The Amazing Spider-Man 2 the movie, in theaters now, is turning out to be fairly divisive: You either love it or you hate it. Amazing Spider-Man 2 the game, on the other hand, is going to fall very clearly on the “hate it” side of many gamers.
This can most likely be attributed to the fact that the game's story is disjointed and the voice acting is poor, or maybe it could be due to the fact that nothing about this game screams “PlayStation 4” and that the game wasn't optimized for the system in the least. No, it's probably due to the fact this game is a lazy, shallow cash-in that contains the same problems as the last four Spider-Man games.
Spider-Man deserves better – we deserve better. I half expected to see the name "J. Jonah Jameson" in the credits due to how badly this game mars the reputation of our friendly neighborhood Spider-Man.
Is Anything Amazing About This Game?
Surprisingly, this game isn't all bad, even managing to do a few things right.
The Web Swinging
The web swinging takes cues from the video game adaptation of Spider-Man 2, the game that defined how to pull off web swinging in an open world environment. Each trigger corresponds to one of Spider-Man's arms and his webs need to actually stick to an object before he can swing off of it. Combined with moves like the Web Rush and Slingshot, Spider-Man can quickly traverse the city. If there is one thing the game does right, it's making you feel like Spider-Man, at least in terms of movement.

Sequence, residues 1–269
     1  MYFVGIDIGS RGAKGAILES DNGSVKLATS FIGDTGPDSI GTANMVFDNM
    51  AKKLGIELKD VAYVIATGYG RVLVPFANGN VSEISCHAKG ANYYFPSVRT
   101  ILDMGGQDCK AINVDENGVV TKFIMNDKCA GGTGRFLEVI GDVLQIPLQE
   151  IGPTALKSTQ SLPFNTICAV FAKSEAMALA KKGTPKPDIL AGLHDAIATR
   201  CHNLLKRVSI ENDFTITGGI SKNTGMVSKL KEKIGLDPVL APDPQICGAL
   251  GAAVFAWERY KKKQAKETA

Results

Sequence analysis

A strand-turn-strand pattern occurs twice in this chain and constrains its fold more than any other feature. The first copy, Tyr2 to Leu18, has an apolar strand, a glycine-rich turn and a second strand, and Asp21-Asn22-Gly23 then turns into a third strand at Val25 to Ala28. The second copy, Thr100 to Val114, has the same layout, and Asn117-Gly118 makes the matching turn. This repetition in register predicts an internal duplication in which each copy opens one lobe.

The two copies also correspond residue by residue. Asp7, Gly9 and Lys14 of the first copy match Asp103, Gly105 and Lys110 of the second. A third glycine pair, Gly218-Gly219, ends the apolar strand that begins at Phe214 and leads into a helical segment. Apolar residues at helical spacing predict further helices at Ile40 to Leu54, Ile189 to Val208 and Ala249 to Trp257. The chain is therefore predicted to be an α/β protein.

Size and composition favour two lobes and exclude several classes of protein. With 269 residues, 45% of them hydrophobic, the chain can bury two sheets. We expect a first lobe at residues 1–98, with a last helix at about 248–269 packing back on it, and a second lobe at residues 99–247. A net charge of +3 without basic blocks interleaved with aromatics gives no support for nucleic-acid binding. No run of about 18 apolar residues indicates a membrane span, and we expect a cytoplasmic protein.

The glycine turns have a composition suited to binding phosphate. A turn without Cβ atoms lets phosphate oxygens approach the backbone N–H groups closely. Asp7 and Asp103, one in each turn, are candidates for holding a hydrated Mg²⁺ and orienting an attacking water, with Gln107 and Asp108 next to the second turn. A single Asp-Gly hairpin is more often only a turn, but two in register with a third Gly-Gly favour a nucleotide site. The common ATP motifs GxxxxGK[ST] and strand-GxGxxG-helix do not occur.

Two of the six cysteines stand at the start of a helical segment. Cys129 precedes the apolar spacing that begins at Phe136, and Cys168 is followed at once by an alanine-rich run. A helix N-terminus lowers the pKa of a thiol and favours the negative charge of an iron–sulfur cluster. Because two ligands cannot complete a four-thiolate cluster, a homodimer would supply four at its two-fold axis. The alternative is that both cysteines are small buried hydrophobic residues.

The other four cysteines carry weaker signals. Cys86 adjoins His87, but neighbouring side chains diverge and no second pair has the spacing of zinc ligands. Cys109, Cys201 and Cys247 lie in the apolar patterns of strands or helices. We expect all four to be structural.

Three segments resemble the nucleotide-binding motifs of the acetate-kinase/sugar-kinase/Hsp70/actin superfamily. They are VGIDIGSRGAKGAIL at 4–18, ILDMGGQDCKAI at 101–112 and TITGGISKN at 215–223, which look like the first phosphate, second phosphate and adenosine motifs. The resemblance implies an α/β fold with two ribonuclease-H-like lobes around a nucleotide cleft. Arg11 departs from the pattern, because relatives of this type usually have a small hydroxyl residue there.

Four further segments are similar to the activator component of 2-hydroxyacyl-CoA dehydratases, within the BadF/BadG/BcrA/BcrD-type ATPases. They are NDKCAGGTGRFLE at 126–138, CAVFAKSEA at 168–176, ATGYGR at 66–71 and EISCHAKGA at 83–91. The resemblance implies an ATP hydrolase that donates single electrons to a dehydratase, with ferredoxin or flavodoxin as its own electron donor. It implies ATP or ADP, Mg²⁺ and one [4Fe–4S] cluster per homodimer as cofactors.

The stealth sections take a cue from the Arkham series and are one of the best parts of the game. If you've played the Arkham series, you know what to expect, right down to the X-Ray vision. Unfortunately, the stealth sections in this game are few and far between, so one of the only good parts of the game you'll barely be playing. There is a lot of potential here, but it's unlikely it will ever be realized.
Strong Knowledge of Spider-Man Lore
Beenox definitely knows their Spider-Man lore, and nowhere is this is more apparent in the comics shop. You'll see comics for Solo and Prowler (who were supporting cast members in the 90s), a range of obscure and interesting costumes and even an interesting cameo by Stan Lee. Beenox knows their stuff, it's just a shame that it's attached to such an awful game.
Without going into any spoilers, the story segments that focus on Carnage are pretty fantastic. It's just everything else in-between these segments is awful.
The Mediocre Spider-Man
The Amazing Spider-Man 2 has some truly odd design choices that aren't good, but they aren't necessarily bad either. These are the sort of things that make you just shrug your shoulders and wonder what the developers were thinking.
The Peter Parker Sections